Ruby Mixin Tutorial

In Java you just have classes (both abstract and concrete) and interfaces. The Ruby language provides classes, modules, and a mix of both. In this post I want to dive into mixins in Ruby.

In the Ruby language a mixin is a class that is mixed with a module. In other words the implementation of the class and module are joined, intertwined, combined, etc. A mixin is a different mechanism to the extend construct used to add concrete implementation to a class. With a mixin you can extend from a module instead of a class. Before we get started with the mixin examples let me first explain what a module is.

I think of a module as a degenerate abstract class. A module can’t be instantiated and no class can directly extend it but a module can fully implement methods. A class can leverage the implementation of a module by including the module’s methods. A module can define methods that can be shared in different and separate classes either at the class or instance level.

Let me define a module, albeit a trivial one, that would convert a numeric integer value to English.

# Convert a integer value to English.
module Stringify
  # Requires an instance variable @value
  def stringify
    if @value == 1
      "One"
    elsif @value == 2
      "Two"
    elsif @value == 3
      "Three"
    end
  end
end

Note that the Stringify module makes use of a @value instance variable. The class that will be mixed with this module needs to define and set a @value instance variable since the Stringify module uses it but does not define it. In addition to instance variables a module could invoke methods defined not in the module itself but in the class that it will be mixed with.

Now let me construct a self contained module that is not dependent on the implementation of any class that it can be mixed with.

# A Math module akin to Java Math class.
module Math
  # Could be called as a class, static, method
  def add(val_one, val_two)
    BigInteger.new(val_one + val_two)
  end
end

The methods in the Math module are intended to be invoked like class methods, also known as static methods. The add method in the Math module accepts two integer values and returns an instance of BigInteger. Let me now define the mixin BigInteger class.

# Base Number class
class Number
  def intValue
    @value
  end
end

# BigInteger extends Number
class BigInteger < Number


  # Add instance methods from Stringify
  include Stringify

  # Add class methods from Math
  extend Math

  # Add a constructor with one parameter
  def initialize(value)
    @value = value
  end
end


I loosely modeled the BigInteger and Number classes after the Java versions. The BigInteger class defines one constructor and directly inherits one method from the Number base class. To mix in the methods implemented in the Stringify and Math modules with the BigInteger class you will note the usage of the include and extend methods, respectively.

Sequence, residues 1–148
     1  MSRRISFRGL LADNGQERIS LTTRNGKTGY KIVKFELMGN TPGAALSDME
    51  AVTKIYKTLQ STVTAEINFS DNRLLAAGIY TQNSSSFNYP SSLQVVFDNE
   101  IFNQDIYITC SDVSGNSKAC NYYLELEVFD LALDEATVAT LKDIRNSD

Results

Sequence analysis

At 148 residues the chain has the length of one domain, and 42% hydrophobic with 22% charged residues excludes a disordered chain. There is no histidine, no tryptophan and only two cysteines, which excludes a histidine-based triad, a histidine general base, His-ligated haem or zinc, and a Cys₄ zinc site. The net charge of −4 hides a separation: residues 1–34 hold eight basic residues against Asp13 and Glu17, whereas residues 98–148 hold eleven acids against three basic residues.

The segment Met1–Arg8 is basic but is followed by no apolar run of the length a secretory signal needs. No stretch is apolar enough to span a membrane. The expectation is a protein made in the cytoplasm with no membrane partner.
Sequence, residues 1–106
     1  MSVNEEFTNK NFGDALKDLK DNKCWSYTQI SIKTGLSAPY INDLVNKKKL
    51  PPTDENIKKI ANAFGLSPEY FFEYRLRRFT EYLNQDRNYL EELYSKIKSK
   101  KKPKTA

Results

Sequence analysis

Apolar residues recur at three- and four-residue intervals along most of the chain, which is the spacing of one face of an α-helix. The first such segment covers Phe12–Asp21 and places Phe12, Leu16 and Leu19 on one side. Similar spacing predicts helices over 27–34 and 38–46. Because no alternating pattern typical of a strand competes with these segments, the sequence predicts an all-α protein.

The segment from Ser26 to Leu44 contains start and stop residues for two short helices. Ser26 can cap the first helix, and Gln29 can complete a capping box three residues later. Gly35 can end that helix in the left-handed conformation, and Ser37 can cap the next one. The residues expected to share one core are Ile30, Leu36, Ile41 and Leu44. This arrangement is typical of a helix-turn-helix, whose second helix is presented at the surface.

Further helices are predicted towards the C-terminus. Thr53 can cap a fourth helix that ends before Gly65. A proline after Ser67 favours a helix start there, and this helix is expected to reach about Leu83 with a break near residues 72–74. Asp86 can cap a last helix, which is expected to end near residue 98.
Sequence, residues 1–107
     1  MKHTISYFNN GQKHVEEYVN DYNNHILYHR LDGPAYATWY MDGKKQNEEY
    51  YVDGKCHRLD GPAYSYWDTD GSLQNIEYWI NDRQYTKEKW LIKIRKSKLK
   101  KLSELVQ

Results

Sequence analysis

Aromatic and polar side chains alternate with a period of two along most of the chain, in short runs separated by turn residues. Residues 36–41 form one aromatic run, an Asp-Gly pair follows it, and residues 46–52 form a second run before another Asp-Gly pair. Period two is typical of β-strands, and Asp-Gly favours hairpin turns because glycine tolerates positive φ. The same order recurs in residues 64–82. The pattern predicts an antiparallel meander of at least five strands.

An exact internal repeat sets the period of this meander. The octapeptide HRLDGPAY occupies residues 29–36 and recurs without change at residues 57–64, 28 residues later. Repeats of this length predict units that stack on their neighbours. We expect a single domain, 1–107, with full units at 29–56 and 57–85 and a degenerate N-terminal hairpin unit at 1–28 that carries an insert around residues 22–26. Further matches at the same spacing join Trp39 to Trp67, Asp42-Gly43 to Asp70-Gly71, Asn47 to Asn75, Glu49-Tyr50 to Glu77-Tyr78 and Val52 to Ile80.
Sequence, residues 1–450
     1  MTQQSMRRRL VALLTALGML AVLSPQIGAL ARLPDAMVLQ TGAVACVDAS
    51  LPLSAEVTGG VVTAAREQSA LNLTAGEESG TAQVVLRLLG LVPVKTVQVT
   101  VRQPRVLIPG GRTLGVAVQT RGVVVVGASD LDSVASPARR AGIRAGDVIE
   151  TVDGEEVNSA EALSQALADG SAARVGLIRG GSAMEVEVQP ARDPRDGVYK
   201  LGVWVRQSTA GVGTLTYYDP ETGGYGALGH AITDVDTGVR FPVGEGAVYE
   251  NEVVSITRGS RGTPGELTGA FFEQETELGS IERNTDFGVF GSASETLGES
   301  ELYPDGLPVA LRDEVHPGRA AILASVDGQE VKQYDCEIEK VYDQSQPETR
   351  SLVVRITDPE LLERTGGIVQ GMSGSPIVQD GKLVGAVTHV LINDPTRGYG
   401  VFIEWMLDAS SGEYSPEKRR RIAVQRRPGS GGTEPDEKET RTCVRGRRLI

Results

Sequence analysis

# Create a new object
bigint1 = BigInteger.new(10)
# Call a method inherited from the base class
puts bigint1.intValue   # --> 10

The extend method will mix a module’s methods at the class level. The method defined in the Math module can be used as a class/static method.

# Call class method extended from Math
bigint2 = BigInteger.add(-2, 4)
puts bigint2.intValue   # --> 2

The include method will mix a module’s methods at the instance level, meaning that the methods will become instance methods. The method defined in the Stringify module can be used as an instance method.

# Call a method included from Stringify
puts bigint2.stringify   # --> 'Two'

There is another use of the extend method. You can enhance an object instance by mixing it with a module at run time! This is a powerful feature. Let me create a module that will be used to extend an object, changing its responsibilities at runtime.

# Format a numeric value as a currency
module CurrencyFormatter
  def format
    "$#{@value}"
  end
end

To mix an object instance with a module you can do the following:

# Add the module methods to
# this object instance, only!
bigint2.extend CurrencyFormatter
puts bigint2.format   # --> '$2'

Calling the extend method on an an instance will only extend that one object, objects of the same class will not be extended with the new functionality.

puts bigint1.format   # will generate an error

Modules that will be mixed with a class via the include or extend method could define something like a contructor or initializer method to the module. The module initializer method will be invoked at the time the module is mixed with a class. When a class extends a module the module’s self.extended method will be invoked:

module Math
  def self.extended(base)
    # Initialize module.
  end
end

The self prefix indicates that the method is a static module level method. The base parameter in the static extended method will be either an instance object or class object of the class that extended the module depending whether you extend a object or class, respectively.

When a class includes a module the module’s self.included method will be invoked.

module Stringify
  def self.included(base)
    # Initialize module.
  end
end

The base parameter will be a class object for the class that includes the module.

It is important to note that inside the included and extended initializer methods you can include and extend other modules, here is an example of that:

module Stringify
  def self.included(base)
    base.extend SomeOtherModule
  end
end

Related posts:

  1. Rails Plugin Tutorial
  2. Ruby Class Tutorial
  3. Reopening Ruby Classes
  4. Introduction to Classes and Objects
  5. Google Web Toolkit Tutorial: The Break Down
  6. Ruby Language Goodies For Java Developers


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